In the evening, a draft Chair’s text on an approach to possible conclusions was distributed. In the text, the AWG: takes note of parties’ submissions and statements; notes that the objective is to make a significant contribution by Annex I parties to achieving the aim of the Convention through their further commitments under the Kyoto Protocol to “substantially limit and reduce emissions”; and clarifies that the focus of the AWG’s initial work plan will be to assemble the information and analysis needed to enable Annex I parties to agree to and ratify amendments to Annex B of the Protocol. The draft text also outlines some possible topics for the initial work plan, including “level of ambition,” Annex I emission trends and mitigation potential, experience gained and lessons learned in implementing the Protocol, “architecture” of further Annex I commitments, including duration of the commitment periods, and legal matters. The draft clarifies that the schedule of work for the AWG in 2006 and 2007 will be conducted during the regular sessional periods.
WORKSHOP ON CARBON CAPTURE AND STORAGE AS CDM ACTIVITIES
An in-session workshop on carbon capture and storage (CCS) as CDM project activities convened on Monday. Session Co-Chairs Georg Børsting (Norway) and Hernán Carlino (Argentina) explained that the aim of the workshop was to open a dialogue on this topic, focusing on project boundary, leakage and permanence, and taking into account issues raised in submissions invited in Decision 7/CMP.1.
Heleen de Coninck, ECN, presented a summary of the SBSTA workshop on CCS and highlighted those aspects of the IPCC Special Report on CCS and the IPCC 2006 Guidelines for inventories that might be relevant to the inclusion of CCS under the CDM. The Secretariat then highlighted relevant terminology and outlined three CCS project methodologies submitted to the CDM Executive Board.
In the ensuing discussion, participants raised a range of issues, including those pertaining to project boundary, leakage, and permanence. On the definition of project boundary, participants generally concurred that the project boundary should include capture, transport, and injection and storage, and that this could be handled with few difficulties under the existing CDM framework. There was some disagreement, however, as to whether CCS projects whose project boundary spans more than one country should be included under the CDM at this time.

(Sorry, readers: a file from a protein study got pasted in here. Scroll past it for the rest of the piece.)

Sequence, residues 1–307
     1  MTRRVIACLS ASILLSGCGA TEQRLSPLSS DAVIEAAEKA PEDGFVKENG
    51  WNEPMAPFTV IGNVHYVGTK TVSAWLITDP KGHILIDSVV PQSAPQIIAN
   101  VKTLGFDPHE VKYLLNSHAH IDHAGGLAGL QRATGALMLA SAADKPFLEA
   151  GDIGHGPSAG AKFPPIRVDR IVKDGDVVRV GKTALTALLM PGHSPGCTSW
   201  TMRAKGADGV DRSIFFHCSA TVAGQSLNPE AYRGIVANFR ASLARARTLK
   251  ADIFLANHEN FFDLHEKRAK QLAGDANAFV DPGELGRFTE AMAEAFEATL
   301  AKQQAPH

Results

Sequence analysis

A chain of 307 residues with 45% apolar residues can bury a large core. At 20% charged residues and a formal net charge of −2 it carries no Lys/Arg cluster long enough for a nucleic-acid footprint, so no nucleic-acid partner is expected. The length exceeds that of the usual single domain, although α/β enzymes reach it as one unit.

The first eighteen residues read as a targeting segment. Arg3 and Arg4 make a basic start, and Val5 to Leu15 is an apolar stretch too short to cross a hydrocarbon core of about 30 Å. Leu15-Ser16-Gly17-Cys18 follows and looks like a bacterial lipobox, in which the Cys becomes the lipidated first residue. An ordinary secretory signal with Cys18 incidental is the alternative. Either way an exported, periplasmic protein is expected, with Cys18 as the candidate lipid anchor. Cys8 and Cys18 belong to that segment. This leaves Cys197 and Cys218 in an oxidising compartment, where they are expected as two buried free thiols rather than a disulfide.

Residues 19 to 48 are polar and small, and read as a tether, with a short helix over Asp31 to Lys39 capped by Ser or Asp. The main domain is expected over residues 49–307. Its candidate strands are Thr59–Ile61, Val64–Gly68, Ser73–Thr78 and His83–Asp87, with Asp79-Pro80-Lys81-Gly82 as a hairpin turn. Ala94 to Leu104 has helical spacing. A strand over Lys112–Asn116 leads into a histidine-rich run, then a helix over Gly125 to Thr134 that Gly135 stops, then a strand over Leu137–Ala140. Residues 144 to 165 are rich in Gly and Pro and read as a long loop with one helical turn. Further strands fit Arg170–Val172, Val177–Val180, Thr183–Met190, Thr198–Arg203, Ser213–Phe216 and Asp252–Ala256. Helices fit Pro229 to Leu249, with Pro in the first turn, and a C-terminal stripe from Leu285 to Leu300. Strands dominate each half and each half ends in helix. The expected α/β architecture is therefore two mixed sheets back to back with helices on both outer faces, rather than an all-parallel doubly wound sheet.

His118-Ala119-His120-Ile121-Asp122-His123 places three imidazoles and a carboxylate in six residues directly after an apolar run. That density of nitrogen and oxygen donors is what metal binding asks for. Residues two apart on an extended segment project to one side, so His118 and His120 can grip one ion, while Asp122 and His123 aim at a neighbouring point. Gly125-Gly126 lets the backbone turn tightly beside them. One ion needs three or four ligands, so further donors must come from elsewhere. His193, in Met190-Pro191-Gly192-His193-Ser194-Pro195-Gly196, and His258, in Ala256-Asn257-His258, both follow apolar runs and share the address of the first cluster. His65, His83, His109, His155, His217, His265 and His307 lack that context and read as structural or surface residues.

Participants then debated whether increased carbon dioxide emissions resulting from CCS should be considered as leakage. Differences emerged over the inclusion of enhanced oil recovery (EOR) projects under the CDM, with some arguing that EOR leads to increased oil extraction, which counteracts the sustainable development goals of the CDM. Regarding additionality and EOR, a number of delegates argued for a case-by-case assessment.
On permanence, most participants agreed on the importance of rigorous site selection to minimize seepage potential. They debated whether long-term liability should rest with the host country or with those who receive CERs. Some argued that tools such as insurance, temporary CERs and sequestration bonds could provide incentives for ensuring permanence, while others advocated more flexibility. Most speakers agreed that monitoring should occur as long as seepage posed a threat, however there was no consensus on whether or not to establish monitoring timeframes.
A few participants highlighted the limited potential of CCS as CDM project activities, particularly for the 2008-2012 period, given the current price of carbon.
The workshop closed in the early afternoon, with several participants commenting on the positive tone of discussions.
IN THE CORRIDORS
The AWG was the key focus on Monday, with delegates leaving the Maritim conference center late in the evening speculating over how the Chair’s draft text with an “approach to conclusions” would be received when discussions resume on Tuesday (for details of the text, see the section on the AWG, above).
On a lighter note, some delegates were heard talking about the unpleasant odor that permeated the Maritim conference center on Monday afternoon. The source of the smell was eventually traced to a nearby sewage problem, prompting a variety of jokes linking it to discussions on CCS “leakage” and methane control. “I’m just glad it wasn’t my colleague, actually” confessed one relieved delegate.